And the Oscar Goes To… Not a Clue

Currently browsing the "MIchael Moore" tag.

All Governments Lie: Truth, Deception, and the Spirit of I.F. Stone

This is without doubt the perfect film for this particular time in America! The question this documentary poses is what the hell is wrong with our current media and why don’t we have journalists doing the work that I.F. Stone did so well back in the day. I’ll admit not knowing much about I. F. Stone before seeing this one. Apparently he once said, “All governments lie,” and the duty of the press is to ferret it out and keep them honest. More than being a biopic, this one looks at Stone’s influence on modern day independent journalists. With interviews from Amy Goodman, Glenn Greenwald, Matt Taibbi and may others, it skewers the news that most Americans depend on to keep them informed and suggests that it is just an extension of an entertainment-centric dumbing-down strategy to keep the people ignorant.

Capitalism: A Love Story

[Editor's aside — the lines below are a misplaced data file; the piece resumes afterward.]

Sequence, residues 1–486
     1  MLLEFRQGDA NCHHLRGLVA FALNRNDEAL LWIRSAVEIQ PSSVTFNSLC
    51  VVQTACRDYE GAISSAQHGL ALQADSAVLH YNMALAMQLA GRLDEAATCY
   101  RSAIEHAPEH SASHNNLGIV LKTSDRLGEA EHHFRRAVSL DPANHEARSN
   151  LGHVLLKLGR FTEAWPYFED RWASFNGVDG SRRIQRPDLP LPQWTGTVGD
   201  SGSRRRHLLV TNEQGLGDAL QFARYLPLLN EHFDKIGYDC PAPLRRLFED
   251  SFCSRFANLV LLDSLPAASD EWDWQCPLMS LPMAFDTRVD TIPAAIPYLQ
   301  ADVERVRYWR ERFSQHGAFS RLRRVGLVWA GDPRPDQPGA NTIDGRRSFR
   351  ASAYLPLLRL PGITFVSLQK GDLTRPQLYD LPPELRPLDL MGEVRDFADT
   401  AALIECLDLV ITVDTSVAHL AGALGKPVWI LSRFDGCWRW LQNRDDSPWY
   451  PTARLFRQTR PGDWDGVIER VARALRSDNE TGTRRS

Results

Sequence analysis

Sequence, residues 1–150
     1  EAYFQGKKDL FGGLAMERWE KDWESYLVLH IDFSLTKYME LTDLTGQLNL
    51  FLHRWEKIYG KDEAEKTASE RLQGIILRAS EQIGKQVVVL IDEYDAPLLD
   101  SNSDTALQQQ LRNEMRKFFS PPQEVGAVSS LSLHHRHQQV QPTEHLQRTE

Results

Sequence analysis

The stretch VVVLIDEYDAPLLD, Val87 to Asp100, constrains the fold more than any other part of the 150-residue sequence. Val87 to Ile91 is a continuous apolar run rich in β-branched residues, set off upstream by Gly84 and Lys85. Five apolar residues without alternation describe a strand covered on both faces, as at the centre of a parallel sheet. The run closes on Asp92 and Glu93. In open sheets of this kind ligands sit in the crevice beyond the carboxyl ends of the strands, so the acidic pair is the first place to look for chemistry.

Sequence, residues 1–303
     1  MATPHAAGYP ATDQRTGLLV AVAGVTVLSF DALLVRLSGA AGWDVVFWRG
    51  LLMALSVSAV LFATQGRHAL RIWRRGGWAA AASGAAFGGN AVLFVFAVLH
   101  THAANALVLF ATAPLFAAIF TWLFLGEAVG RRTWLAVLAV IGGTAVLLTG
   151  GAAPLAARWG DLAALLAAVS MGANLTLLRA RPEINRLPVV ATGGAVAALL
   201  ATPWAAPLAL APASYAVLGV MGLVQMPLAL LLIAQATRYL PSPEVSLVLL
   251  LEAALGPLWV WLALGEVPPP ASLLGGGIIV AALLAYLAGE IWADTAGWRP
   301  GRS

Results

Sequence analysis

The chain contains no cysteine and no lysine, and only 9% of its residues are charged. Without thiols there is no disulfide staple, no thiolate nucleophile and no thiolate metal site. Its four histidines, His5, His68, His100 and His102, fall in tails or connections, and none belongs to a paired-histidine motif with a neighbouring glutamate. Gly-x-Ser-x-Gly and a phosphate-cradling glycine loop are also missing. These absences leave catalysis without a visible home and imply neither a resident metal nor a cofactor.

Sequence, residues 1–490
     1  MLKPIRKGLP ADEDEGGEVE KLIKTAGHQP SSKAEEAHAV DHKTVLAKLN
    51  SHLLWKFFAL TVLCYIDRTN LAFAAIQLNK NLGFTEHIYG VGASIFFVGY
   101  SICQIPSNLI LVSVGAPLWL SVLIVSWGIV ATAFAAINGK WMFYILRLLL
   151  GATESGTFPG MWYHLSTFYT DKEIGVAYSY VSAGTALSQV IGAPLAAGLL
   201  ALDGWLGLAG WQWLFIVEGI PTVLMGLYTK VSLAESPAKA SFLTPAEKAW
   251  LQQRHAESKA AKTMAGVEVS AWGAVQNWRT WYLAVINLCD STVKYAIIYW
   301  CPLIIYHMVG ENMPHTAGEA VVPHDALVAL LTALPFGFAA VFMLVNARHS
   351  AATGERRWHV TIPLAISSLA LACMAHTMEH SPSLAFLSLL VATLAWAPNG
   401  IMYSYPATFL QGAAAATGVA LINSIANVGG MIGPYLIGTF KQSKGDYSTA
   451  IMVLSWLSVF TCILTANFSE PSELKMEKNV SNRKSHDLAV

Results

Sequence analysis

Michael Moore makes controversial films. To call them documentaries is a miscategorization, though there really isn’t a word for what he does. He juxtaposes ideas, images, and words and lets the viewer fill in the missing connections. He plays a little fast and loose at times with his facts, but you always leave the theater thinking. And a day later, I still find myself thinking about Capitalism: A Love Story. The movie is a complete condemnation of capitalism. Moore is extremely clever with his images – beginning the film with comparisons of the decadence that brought down Ancient Rome to the current corporate ownership of the US government and disparities between the rich and the poor. He bombards you with facts and figures and you see poor people being thrown out of their houses because the rich men on Wall Street don’t give a damn. As with all his films, it is about the working class getting screwed. And Moore brings out the big guns here, having a series of priests agree that capitalism is evil. What makes a lot of what he says palatable though is his comedic sensibility, putting Crime Scene tape around Wall Street, dubbing Jesus in some biblical epic film with free market clichés.